CROSSCURRENTS FESTIVAL A national festival for playwrights of colour (Factory Theatre, 125 Bathurst). From Friday (May 2) to May 11 at 8 pm, except May 3 at 7 pm, May 10 at 2 pm. All tickets pwyc. 416-504-9971. Rating: NNNNN
Good thing director Nina Lee Aquino has an understanding family.
It helps that her husband, Richard, is in theatre, and even her 15-month-old daughter seems to love being at rehearsals.Since January she’s been involved in helping to create one collective piece after another, with Humber students, Carlos Bulosan Theatre and Lorraine Kimsa Theatre for Young People.
So what does she do for a break? She produces Factory Theatre’s CrossCurrents Festival, the seventh such fest devoted to developing works by playwrights of colour.
“Establishing the idea of diversity in theatre is an ongoing battle,” Aquino says during a few quiet minutes in the Factory lobby. “It’s important for me to be a voice for what I call the brown community, and it’s gratifying to see that things are starting to change, if slowly.“The point I always emphasize is opportunity. CrossCurrents is one of the few places in Canada where artists of colour can show their talent. I see my work as being about nurturing and allowing the artist to grow from the ground up.”With the hope of creating a more vibrant Toronto theatre landscape, Aquino positions herself in the middle, between developing artists and the established theatre community. She’s thrilled if an artistic director sees the potential in a CrossCurrents script or an actor of colour and wants to work with either the playwright or performer.
This year’s festival offers five plays by writers from across the country, and Aquino’s delighted that they’re all prominent writers with track records
. Andrew Moodie’s Toronto The Good looks at guns and black youth, while Marjorie Chan focuses on four students caught up in the Tiananmen Square demonstrations.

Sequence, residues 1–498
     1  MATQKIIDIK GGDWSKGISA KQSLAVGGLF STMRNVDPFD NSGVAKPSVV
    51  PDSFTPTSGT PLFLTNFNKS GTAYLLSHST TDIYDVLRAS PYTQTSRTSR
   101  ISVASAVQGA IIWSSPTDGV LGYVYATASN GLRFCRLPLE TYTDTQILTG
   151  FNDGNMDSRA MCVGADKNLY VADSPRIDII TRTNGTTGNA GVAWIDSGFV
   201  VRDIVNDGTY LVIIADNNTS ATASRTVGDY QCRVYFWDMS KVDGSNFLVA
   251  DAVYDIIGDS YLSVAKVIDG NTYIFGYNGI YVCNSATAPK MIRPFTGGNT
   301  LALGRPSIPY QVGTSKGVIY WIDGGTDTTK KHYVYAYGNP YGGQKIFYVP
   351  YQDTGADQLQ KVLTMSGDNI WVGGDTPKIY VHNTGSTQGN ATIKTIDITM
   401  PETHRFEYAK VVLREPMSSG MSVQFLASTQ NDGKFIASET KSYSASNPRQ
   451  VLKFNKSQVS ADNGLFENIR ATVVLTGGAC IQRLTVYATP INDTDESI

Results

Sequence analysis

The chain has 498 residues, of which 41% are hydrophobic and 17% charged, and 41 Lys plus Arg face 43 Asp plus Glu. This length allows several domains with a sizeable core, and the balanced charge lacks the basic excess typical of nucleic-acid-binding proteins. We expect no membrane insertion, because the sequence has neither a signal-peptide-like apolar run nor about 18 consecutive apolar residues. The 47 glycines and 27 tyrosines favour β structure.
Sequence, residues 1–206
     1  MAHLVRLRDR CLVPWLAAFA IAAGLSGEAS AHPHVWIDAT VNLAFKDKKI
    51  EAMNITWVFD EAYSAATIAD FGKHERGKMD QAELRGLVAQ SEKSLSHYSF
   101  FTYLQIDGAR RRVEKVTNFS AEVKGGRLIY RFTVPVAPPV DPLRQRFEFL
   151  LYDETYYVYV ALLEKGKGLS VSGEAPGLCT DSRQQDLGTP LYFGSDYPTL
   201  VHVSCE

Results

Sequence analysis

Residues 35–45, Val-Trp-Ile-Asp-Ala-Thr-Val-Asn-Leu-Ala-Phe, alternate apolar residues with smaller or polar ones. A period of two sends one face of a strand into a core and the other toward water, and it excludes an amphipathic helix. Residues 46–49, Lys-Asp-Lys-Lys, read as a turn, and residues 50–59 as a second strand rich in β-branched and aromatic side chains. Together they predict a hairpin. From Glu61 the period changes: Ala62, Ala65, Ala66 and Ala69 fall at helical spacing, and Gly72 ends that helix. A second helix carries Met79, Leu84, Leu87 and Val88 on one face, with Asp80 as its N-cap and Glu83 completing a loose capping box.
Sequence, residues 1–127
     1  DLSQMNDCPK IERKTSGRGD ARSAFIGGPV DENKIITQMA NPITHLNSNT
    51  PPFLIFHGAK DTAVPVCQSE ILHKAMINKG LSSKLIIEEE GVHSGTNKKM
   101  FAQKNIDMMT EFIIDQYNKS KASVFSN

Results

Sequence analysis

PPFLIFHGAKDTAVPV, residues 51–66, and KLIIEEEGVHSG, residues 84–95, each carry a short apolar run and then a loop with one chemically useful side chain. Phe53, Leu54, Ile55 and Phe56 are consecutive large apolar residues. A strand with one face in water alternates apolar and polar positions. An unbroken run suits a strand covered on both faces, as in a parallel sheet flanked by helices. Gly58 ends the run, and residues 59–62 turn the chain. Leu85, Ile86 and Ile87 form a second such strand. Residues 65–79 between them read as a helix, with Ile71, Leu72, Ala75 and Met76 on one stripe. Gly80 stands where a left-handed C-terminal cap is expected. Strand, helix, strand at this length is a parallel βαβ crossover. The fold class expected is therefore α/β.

Anita Majumdar’s The Misfit (previously seen in Hatch) deals with Indian wedding dancers and marriage, and Simon Johnston’s Sisters offers a take on a Chekhov classic. Rahul Varma’s Truth And Treason, about a Canadian mother’s reaction when her daughter is shot in Iraq by U.S. soldiers, rounds out the scripts.
“They’re provocative works and all demonstrate that the personal is political,” offers Aquino, one of two emerging directors awarded the John Hirsch Prize for her directing vision
. “Each deals with the breaking of boundaries or the invasion of territory.
“The images I conjure up are checkpoints, police tape, barbed wire – some kind of line that people aren’t supposed to cross but do anyway. The scripts go further, too, examining the repercussions of stepping across the line.”
CrossCurrents features ancillary events as well, including works by the Obsidian Theatre’s playwrights unit in the Mussgorsky Project and Carlos Bulosan Theatre’s Flipside Keeps Current.
A collaboration between Cahoots Theatre Projects and Crossing Gibraltar Giving Back, this is our crossing looks at the concerns of refugee and newcomer youth, while in Recurrents: The Director’s Cut, emerging directors present scenes from previous CrossCurrent shows.
After all this developmental work, does Aquino ever feel like taking on the classics? She shakes her head.
“At this point in my life, I don’t want to direct Shaw or Shakespeare but to concentrate on play development – seeing a playwright’s vision and taking that through to the stage
“The Hirsch Award mentioned that my work is playwright-centred, and that for me is the best compliment in the universe.”